Decompressing A Rescue Dog


This is a term that you likely have heard used by trainers and animal rescuers, but
what is it? Decompression is a vital phase which dogs go through during high levels
of stress. For example, a rescue dog arriving in shelter kennels or at the new foster
or adopter’s home. There is no time frame for this phase. Every dog as an individual
with their own individual needs, emotions, and responses, will take his or her own
time to go through this important phase. As their guardians, care givers and families
it’s our responsibility to guide them through it and allow them the time they need.
During decompression, the dog will not display his or her true personality or
temperament. It’s often referred to as the ‘honeymoon period’ where many of their
usual, characteristic behaviors previously displayed, are suppressed. This phase is
where the dog de-stresses and checks out his new environment and all the things in
it. You can’t rush decompression. Put yourself in the position of the dog and imagine
how you’d be feeling, where your emotions would be if you were thrown into a
strange, new environment. All these things take time to sort out. Decompression is
where the dog ‘chills out’. Where all the natural chemicals which have flooded the
body rebalance themselves. It’s a delicate and vital time!


PLAN AHEAD – Preparation is always key. Ensure that you are fully prepared before
dog’s arrival then make sure that you have all the essentials you need, including
stimulating activities such as Kongs, chews etc. (Have a look online for some
fantastic DIY canine enrichment ideas).
Create bed areas and make sure that they are in quiet, low traffic areas of the home.
Many dogs enjoy a den like space so crates and areas under tables can work well.
These areas should be designated ‘safe zones’ where your dog can retreat to and
have his own space. Never invade these areas and keep children and visitors away
from them. If the dog retreats to his ‘safe zone’ then he should not be followed, and
their ‘space’ should be respected. Always be prepared for the worst-case scenario
and be prepared should separation be required; this is especially important in a multi
dog home or in the case of young children. Should the unexpected occur, it is
important to have a safe and secure area where the dogs can be contained until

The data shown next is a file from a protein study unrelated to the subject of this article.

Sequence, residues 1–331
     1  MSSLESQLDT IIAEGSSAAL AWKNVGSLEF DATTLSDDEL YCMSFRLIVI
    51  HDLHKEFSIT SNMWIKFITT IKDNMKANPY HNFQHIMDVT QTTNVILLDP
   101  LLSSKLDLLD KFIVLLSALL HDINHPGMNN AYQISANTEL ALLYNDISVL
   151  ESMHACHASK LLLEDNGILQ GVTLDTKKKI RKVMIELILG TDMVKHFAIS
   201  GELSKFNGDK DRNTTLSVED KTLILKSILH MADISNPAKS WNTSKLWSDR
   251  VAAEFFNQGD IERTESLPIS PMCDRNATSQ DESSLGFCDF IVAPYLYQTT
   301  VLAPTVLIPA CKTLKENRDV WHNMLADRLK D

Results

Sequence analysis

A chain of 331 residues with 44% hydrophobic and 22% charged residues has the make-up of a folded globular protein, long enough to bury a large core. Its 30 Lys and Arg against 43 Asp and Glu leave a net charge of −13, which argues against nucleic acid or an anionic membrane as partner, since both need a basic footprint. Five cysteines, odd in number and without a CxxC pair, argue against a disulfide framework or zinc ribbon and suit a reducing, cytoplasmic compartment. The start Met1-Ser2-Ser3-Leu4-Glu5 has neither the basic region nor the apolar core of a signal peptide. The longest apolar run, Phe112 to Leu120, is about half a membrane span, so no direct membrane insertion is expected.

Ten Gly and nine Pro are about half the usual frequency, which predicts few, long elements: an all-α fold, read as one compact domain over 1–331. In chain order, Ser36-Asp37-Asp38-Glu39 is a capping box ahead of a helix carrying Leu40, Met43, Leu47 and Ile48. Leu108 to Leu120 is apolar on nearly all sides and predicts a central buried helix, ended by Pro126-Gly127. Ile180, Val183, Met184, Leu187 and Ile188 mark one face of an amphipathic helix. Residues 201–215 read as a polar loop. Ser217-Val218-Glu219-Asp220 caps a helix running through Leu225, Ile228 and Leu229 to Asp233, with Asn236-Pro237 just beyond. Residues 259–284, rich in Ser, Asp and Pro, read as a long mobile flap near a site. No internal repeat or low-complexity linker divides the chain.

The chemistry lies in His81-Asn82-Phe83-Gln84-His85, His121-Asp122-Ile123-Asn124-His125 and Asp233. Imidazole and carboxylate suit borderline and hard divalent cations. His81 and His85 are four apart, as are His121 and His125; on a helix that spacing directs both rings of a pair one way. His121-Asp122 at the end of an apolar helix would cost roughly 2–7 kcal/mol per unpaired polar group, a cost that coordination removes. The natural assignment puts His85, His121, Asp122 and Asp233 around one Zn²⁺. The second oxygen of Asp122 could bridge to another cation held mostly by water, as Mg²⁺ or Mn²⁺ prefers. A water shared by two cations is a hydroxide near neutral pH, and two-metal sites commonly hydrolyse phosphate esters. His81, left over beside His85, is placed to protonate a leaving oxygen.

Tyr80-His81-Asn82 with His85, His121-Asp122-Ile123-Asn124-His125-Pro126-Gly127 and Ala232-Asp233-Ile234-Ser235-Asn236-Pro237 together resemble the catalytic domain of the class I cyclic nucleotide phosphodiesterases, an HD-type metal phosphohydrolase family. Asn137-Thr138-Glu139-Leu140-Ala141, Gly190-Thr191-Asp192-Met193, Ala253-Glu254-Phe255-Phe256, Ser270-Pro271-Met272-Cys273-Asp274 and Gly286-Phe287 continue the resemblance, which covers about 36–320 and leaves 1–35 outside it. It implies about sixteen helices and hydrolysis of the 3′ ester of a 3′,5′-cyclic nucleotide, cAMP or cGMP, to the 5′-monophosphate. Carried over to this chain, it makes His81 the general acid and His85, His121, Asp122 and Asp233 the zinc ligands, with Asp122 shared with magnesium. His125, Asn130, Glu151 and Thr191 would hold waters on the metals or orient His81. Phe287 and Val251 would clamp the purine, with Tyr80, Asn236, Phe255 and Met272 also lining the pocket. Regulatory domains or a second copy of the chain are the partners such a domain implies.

further assistance can be sought.


Could you imagine being taken away from your familiar environment, even a bad one
and suddenly be placed somewhere else? A place you have never been before where
everything smells different and you are surrounded by strangers speaking a different
language. Scary right? The dog’s nose is his most powerful tool and he needs time to
use it. Through scent, dogs gather all the information about the world and all the
things in it. Allow your dog the space, and time to discover this new world.
It’s vital that you give the dog some distance and grant them the space which they
need right now. As much as you want to hug them and tell them that everything is
ok, but for some dogs this can increase stress and anxiety by invading their personal
space. Consider a complete stranger rubbing your back or stroking your face….
FREAK OUT!! First comes trust…. then comes your cuddles (but only if your dog is a
willing participant). You should refrain from interaction with your dog unless initiated
by him or her. You will have plenty of time throughout the dog’s life for physical
contact but now is not the time. Right now, you are still a stranger. Relationships are
not built in a day. Avoid direct eye contact, keep your body posture soft and turned
away from the dog to communicate that you mean no harm. Always ensure that the
dog has a clear escape route from any situation or experience and never invade the
dog’s space (this means leaning in over the dog or his bed areas too).


Your dog is already coming to you under a whole blanket of stress. Some will be
hyper aroused and some completely shut down. Don’t add to their stress. Your dog is
going through a hard time and needs your understanding. Keep the environment as
calm as possible. Keep children at a distance and keep their play calm, quiet and still
while your dog is going through the decompression phase. A stressed dog is hyper
aware and can easily encounter negative experiences which could manifest into future
problems. Allow your dog to tackle one thing at a time. First his environment, then
everything else one at a time. The most important thing is to give them time and
space. Time to unwind and time to adjust. As humans we want the perfect family
dog, the perfect life and we want it now! Our expectations are held high, too high for
a dog whose whole world has just been turned upside down. Your only goal in these
first few days and weeks is to alleviate the stress, fears and uncertainties being felt by
your dog, and to build a mutual relationship of trust and friendship

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